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NWSL Terminates Contract of Orlando Pride Head Coach Amanda Cromwell, Assistant Coach Sam Greene

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The NWSL has completed its investigation into Orlando Pride Head Coach Amanda Cromwell and Assistant Coach Sam Greene. The results found that Cromwell and Greene were in violation of the NWSL’s policy against workplace misconduct and their contracts have been terminated by the league, effective immediately.

The joint investigation found that charges of verbal abuse and improper favoritism were substantiated and that both Cromwell and Greene were engaging in “retaliatory conduct towards players who they believed had initiated, participated in, and were supportive of the March investigation.” As a result, the Pride will be searching for the team’s next permanent head coach.

Public acknowledgement of an investigation came in June when the Pride placed Cromwell and Greene on administrative leave. Assistant Coach Michelle Akers and Goalkeeping Coach Aline Reis took personal time off for the remainder of the season. As a result, Assistant Coach Seb Hines, who was on staff prior to Cromwell’s arrival and the only coach to remain on the job, took over as the interim manager with assistance from Giles Barnes and Miguel Gallardo. Barnes served as an interim assistant while Gallardo was coaching on a voluntary basis. The interim staff continued coaching the team for the remainder of the 2022 NWSL season.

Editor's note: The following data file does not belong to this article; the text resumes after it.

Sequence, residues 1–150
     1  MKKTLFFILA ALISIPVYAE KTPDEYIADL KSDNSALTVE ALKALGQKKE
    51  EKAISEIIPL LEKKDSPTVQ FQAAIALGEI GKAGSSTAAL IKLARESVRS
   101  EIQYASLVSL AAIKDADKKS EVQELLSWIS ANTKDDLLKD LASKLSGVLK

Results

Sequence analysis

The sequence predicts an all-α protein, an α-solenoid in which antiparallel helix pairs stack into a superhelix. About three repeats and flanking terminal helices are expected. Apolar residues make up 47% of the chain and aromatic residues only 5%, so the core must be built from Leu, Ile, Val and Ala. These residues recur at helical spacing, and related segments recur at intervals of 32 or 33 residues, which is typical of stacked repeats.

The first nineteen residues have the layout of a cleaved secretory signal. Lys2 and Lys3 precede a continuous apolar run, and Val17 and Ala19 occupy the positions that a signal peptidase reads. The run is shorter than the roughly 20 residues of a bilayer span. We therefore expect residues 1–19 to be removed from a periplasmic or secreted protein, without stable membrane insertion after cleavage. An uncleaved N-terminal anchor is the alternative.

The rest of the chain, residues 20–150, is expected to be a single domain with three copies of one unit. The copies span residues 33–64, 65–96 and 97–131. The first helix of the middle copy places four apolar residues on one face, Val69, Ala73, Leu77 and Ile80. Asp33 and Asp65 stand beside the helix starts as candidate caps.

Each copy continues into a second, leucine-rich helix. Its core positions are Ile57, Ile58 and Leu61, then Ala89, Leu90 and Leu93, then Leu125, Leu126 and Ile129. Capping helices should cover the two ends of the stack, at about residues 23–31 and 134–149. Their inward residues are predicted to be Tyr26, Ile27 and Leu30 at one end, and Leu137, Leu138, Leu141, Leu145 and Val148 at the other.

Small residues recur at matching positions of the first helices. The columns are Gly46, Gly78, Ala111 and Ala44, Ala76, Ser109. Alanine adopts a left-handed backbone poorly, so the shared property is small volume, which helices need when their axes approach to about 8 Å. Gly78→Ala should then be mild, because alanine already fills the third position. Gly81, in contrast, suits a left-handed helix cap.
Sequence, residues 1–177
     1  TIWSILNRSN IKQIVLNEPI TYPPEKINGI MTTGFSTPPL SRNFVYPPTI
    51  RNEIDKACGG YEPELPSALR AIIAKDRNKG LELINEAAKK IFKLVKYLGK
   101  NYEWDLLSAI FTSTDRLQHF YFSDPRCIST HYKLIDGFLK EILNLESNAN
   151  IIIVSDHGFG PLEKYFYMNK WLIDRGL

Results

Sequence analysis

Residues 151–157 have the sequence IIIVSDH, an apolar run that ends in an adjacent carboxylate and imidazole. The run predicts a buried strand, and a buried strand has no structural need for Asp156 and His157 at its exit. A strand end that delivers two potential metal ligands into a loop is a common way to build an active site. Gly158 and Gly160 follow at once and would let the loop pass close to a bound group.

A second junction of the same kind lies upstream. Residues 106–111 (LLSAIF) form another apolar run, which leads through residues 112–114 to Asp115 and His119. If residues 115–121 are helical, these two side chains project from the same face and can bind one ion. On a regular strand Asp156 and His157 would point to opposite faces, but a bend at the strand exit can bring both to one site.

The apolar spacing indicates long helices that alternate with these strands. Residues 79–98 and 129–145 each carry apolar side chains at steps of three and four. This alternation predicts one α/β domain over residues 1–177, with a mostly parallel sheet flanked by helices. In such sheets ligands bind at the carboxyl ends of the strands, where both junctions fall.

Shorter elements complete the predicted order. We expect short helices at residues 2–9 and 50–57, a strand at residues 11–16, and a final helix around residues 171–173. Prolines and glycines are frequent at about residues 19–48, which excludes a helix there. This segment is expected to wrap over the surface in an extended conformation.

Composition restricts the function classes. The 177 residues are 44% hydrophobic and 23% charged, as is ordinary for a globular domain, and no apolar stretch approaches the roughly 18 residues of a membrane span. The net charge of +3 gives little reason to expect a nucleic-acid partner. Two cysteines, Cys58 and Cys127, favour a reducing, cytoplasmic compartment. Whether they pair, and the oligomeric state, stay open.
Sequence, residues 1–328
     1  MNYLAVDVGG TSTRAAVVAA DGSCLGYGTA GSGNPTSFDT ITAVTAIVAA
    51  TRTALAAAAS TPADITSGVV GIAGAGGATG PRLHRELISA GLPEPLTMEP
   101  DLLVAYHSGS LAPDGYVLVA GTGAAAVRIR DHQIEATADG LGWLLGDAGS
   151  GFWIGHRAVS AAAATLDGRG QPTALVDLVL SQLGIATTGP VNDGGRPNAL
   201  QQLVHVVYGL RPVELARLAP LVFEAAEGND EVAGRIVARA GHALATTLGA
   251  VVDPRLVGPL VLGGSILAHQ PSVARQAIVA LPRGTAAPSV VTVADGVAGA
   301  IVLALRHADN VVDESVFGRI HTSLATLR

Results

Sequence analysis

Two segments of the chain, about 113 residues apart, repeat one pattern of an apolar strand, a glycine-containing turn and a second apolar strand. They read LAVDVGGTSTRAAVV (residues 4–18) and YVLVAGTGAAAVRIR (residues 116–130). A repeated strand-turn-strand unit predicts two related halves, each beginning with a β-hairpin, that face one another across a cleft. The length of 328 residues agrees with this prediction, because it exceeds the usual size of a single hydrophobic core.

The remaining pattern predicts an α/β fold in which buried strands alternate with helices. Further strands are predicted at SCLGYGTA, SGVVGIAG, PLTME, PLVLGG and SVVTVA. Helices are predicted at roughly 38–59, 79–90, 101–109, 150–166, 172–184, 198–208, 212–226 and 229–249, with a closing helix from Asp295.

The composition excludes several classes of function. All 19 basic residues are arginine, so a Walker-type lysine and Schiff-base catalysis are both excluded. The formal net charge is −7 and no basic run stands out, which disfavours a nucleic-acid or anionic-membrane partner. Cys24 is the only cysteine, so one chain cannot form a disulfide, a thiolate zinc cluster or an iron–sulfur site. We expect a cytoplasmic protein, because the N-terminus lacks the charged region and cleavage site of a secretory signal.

According to the report, allegations of verbal abuse and improper favoritism by Cromwell and allegations of improper favoritism by Greene were initially reported in March 2022. Since some of those were substantiated by the NWSL/NWSLPA joint investigative team, Cromwell and Greene received written warnings at the time. Additionally, Cromwell was required to participate in leadership training.